Onetimers and Ol Scratch

Last night Hinged, the band I play in, played a show with two cool bands from Chattanooga as well as a violinist who was the grandson of a notable Chicago magician and drummer/guitarist who immigrated to Chicago from Tanzania.  The show was in a small, homemade theater behind a magic shop, presumably constructed for magicians’ performances.

You should check out music by the Onetimers and Ol Scratch:

Secret performances

In a thread about recent shutdowns of houses doing DIY shows in Chicago and the best way to balance keeping things on the downlow and still accessible, someone shared this awesome piece of history from The Missoula Oblongata:

At the time, Missoula’s punk and DIY community was undergoing a crackdown by the fire marshal, who had systematically shut down almost every local venue that wasn’t a bar. This meant there was no affordable and accessible place for young people to organize concerts, art shows, or events. When people responded to this by organizing shows in their own houses, the fire marshal found the houses, shut down the shows, and threatened arrests.

In response to this strange and grave situation, The Missoula Oblongata’s first production was a performance of Macbeth, which we held in secret in the basement that we’d been renting out for rehearsing. The space was only accessible through an unmarked door hidden in an alley. There was no public advertising for the performance. The performers (local artists and friends who had never been in a play before) each handed out sealed invitations to people they knew (not including the fire marshal, with whom we were all now well acquainted). The invitations instructed them to meet at The Oxford (a local dive) on April 6th at 8pm wearing a red carnation. Sure enough, on that day, at 8pm, an usher dressed like a skeleton arrived and escorted the entire carnation-wearing horde from The Oxford to the alley and the unmarked door, and then down into the basement to watch the play.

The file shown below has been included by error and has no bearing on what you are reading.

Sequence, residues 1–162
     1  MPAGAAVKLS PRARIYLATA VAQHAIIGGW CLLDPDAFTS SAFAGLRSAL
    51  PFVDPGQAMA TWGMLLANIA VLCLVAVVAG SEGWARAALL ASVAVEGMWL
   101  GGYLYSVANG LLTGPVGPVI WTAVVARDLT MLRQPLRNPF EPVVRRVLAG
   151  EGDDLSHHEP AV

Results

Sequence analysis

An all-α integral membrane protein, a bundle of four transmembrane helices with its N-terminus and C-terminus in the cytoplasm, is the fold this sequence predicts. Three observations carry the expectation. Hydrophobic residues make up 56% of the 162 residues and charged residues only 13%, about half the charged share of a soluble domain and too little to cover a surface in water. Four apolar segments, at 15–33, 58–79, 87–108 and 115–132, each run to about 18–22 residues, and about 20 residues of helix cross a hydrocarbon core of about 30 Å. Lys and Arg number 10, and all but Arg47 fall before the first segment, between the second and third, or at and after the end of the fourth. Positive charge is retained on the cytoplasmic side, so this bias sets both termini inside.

Week in review

What I’ve been doing this week – on and offline.

Getting older

I went to see Paul Baribeau this week.  It was one of the more crowded house shows I’ve been to in Chicago.  The feeling between Baribeau and the audience as pretty strange.  He writes songs that are explicitly personal, so it’s strange to hear a whole room singing along (not to mention singing along slightly off-time and off-key).  Maybe it speaks to the real need that people have to understand or process the kind of things Baribeau writes about: relationships and growing into adulthood.  There was this one guy in front who kept demanding certain songs and he and Baribeau got into this kind of weird, mostly-joking but strangely confrontational back-and-forth.  Though I love the participatory aspect of DIY punk, it’s frustrating when it seems like the show means more about you singing along to a song you love than listening to what someone else has to say or how he says it.  At best, I think it’s a compromise between these things, a perfect balance arrived upon organically by the performer and the crowd.  But, there’s a distinct difference between having a collective experience with music and a room full of individual experiences.  Maybe the show felt like more of the latter because people didn’t really know each other. It seemed like the crowd was a mixture of people from Chicago, the suburbs and folks from out of town and people from the suburbs.  Everyone seemed pretty young which might have contributed to the dynamic as well.  Chiara referenced research about “millenials” being more selfish than past generations.